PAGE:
On Friday, the Obama Justice Department and the Obama Education Department issued what they called “a joint directive” (most people call them threats) to the nation’s public school districts, telling them to start letting boys use the girls’ bathroom — and vice versa — or risk legal action and the loss of federal education grants. And here you thought that the most radical of the Obama years were over.
This transgender-bathroom business is hot stuff for progressives searching desperately for an election-year theme to rival 2012’s War on Women. As outrageous as the administration’s bullying of local school districts is, and as furious as you should be that Obama in his waning days in office is behaving more and more like the emperor Diocletian, don’t lose sight of a simple, liberating fact: You do not need to send your kids to government schools. You can homeschool. Like us.
I know it sounds radical. I know it sounds like the kind of thing that will ruin your marriage, delete your social life, and turn everything you’ve worked for upside down and inside out. I know you probably think you’re not capable of educating your kids in the home. You think that’s a job for professionals. But it’s not.
If we can do it, you can do it. Trust me.
My wife has a background in elementary Catholic education, I admit, and that has helped somewhat. But she taught for only a few years before becoming a full-time homeschool mom. She handles the heavy lifting — the day-in, day-out stuff. I help around the margins with the things that suit my skill set. I played in rock bands when I was younger, so it’s my job to police piano lessons. I did a little acting here and there, so I’m the point man for Shakespeare.
Oh, and I was born in Morristown, N.J. — a.k.a. the Military Capital of the Revolution — so I head up the American-history department.
The job of the homeschooling parent is to instill in the homeschooled child a love of learning.
Mostly, however, the job of the homeschooling parent is to instill in the homeschooled child a love of learning. In our house, that means a love of books. We’ve got loads of them. And we can walk to the library to get more if we need them. So long as we have that, there’s nothing we can’t learn on our own.
We also have a computer. You probably do, too. This is 2016. It’s the Internet age. You don’t need an education degree anymore to locate the resources to educate a child. Everything you need is online.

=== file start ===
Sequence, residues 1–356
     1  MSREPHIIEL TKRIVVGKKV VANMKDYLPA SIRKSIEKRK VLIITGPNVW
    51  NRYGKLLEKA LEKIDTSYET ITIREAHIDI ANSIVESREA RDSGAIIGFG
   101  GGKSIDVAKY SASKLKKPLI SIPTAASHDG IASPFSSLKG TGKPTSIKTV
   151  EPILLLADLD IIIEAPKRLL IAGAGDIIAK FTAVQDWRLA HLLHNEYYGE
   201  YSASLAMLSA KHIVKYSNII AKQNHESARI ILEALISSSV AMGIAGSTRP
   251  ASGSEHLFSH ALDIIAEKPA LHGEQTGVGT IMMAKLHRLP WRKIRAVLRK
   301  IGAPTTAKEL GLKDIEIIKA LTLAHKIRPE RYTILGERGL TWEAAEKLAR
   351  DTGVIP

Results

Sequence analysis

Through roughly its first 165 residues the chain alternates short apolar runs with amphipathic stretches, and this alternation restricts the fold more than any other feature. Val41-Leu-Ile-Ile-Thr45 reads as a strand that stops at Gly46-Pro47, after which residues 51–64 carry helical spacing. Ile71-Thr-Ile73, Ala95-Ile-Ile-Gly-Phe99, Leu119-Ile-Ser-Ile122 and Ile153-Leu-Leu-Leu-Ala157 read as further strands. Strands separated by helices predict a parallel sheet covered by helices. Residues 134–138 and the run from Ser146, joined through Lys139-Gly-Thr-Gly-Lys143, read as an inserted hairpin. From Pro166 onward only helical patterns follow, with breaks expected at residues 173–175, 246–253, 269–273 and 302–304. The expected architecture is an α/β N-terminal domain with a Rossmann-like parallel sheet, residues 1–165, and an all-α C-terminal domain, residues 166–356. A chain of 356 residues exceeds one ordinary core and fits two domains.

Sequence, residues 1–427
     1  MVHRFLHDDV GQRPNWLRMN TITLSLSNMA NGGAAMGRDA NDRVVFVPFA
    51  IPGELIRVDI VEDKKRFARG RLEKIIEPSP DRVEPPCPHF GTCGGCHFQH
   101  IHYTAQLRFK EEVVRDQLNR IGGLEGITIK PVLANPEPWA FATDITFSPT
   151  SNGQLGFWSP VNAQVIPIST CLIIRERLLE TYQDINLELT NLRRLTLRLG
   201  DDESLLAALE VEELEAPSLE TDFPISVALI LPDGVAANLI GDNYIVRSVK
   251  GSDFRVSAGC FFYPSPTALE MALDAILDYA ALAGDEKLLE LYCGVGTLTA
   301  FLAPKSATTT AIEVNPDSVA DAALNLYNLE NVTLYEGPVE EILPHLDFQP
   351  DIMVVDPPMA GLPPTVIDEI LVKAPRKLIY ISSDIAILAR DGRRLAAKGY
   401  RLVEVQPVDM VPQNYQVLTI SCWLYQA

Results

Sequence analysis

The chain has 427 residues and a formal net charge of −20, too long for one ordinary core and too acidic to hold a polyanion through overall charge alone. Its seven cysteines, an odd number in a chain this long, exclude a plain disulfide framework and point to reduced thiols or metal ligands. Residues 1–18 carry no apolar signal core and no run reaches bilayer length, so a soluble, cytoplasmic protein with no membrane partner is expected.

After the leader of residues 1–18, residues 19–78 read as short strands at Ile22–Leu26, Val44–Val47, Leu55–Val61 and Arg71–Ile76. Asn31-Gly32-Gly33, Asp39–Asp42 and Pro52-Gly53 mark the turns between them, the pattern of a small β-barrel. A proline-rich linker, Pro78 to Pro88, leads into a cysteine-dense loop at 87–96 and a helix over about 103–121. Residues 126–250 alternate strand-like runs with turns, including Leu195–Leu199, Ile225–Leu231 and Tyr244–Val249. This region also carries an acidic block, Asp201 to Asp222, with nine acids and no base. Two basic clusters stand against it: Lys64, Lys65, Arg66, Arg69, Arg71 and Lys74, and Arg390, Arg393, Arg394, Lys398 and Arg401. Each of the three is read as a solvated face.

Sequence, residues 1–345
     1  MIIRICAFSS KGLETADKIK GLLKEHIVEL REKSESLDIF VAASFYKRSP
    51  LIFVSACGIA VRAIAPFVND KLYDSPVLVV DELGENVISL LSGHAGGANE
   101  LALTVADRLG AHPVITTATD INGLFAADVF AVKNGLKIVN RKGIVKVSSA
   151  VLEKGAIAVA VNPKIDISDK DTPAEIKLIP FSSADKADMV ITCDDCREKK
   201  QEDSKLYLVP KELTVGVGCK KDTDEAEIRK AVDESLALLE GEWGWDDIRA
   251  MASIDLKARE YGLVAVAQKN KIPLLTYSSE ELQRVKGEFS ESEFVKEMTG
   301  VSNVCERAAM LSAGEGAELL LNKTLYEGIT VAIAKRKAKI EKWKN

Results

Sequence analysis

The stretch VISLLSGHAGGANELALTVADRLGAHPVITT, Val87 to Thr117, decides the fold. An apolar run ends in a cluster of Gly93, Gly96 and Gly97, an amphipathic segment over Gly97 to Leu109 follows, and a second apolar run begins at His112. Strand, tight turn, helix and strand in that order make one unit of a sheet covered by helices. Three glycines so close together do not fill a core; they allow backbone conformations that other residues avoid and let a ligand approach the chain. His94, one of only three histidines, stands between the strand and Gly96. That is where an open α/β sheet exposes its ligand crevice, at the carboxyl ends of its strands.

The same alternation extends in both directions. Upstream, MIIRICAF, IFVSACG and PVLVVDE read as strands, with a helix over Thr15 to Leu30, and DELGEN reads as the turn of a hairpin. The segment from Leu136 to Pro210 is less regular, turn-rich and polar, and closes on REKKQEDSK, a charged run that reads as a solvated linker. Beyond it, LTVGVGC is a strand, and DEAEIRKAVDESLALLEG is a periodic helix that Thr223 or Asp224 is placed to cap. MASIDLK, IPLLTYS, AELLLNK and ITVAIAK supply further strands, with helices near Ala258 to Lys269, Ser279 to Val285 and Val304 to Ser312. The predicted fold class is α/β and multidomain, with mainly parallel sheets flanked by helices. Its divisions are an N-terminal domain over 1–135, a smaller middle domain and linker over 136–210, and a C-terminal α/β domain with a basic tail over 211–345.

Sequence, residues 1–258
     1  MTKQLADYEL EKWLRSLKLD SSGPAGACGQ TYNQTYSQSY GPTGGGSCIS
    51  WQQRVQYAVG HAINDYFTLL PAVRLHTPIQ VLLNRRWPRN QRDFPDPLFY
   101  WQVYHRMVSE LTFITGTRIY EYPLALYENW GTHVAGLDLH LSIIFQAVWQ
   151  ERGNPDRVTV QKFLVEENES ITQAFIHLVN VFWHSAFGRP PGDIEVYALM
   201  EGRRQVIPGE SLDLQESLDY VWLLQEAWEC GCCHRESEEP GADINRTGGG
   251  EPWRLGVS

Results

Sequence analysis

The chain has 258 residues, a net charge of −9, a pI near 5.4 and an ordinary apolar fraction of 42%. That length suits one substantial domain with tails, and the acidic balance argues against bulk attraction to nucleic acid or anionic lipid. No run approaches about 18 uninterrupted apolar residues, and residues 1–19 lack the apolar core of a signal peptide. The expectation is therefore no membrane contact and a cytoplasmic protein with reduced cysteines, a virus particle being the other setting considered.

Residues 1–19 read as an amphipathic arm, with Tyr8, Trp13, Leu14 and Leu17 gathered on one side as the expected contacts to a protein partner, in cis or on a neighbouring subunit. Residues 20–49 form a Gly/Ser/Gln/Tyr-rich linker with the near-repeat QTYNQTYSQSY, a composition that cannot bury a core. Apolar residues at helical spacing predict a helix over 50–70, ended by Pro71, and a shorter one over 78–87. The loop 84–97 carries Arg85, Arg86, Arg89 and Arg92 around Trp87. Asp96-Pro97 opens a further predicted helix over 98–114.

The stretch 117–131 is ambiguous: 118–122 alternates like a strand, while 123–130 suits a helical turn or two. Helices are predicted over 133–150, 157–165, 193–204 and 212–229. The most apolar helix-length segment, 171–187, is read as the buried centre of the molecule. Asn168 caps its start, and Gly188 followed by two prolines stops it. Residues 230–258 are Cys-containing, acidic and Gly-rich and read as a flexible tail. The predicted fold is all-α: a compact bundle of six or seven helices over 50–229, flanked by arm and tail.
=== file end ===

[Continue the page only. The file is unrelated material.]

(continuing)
There’s no denying that it’s a radical thing. Though the ranks of homeschoolers are growing, we still represent a tiny slice of the total school-age population. There are something like 77 million children enrolled in public and private schools across the country, and just 2 million kids being educated at home. We are a little platoon.
#share#There are some downsides to homeschooling. You do have to endure some sidelong glances when you drop everything and take your kids for a vigorous hike in the woods on a beautiful, sunny spring day. It’s genuinely shocking to the world at large to see a 12-year-old in the wild when they could be stuck inside a brutalist two-story building on the outskirts of town waiting to have their lunch money stolen or be lectured on all the low-down dirty things have been done by marauding capitalist Americans in the name of so-called democracy over the last 240 years.
So there is that to consider. But homeschooling has its upside, too, and it’s not nothing. I call it the sweet smell of freedom. It’s the thrill of exercising your inalienable right to pursue happiness in any ding-dang way you want. Some guys get it from firing a gun. Some get it by being politically incorrect at dinner parties. I get it from knowing that they can’t touch my family.
No matter how crazy it makes them, no matter how badly they want to, they can’t touch my family.
#related#You can be forgiven for being intimidated by the thought of homeschooling. But what’s the alternative? The education bureaucracy — backed, now, by the full power of the federal government — views job number one as undoing all the silly, outdated, and traditional notions that students have picked up from their parents. Academic excellence comes second to building a compassionate, equitable, and carbon-neutral society.
You may be one of the lucky ones who live in a school district that hasn’t been infected by the Common Core, transgenderism, the green agenda, Ally Week, condoms on bananas, and all the rest. I hope you are. But no matter what standard you are setting for them in the home, if you send your kids to government schools, they eventually will come home speaking excitedly about gender fluidity, racial privilege, microaggressions, environmental justice, and cultural appropriation.
Don’t do it. Exercise your rights. Come on in, the freedom’s great.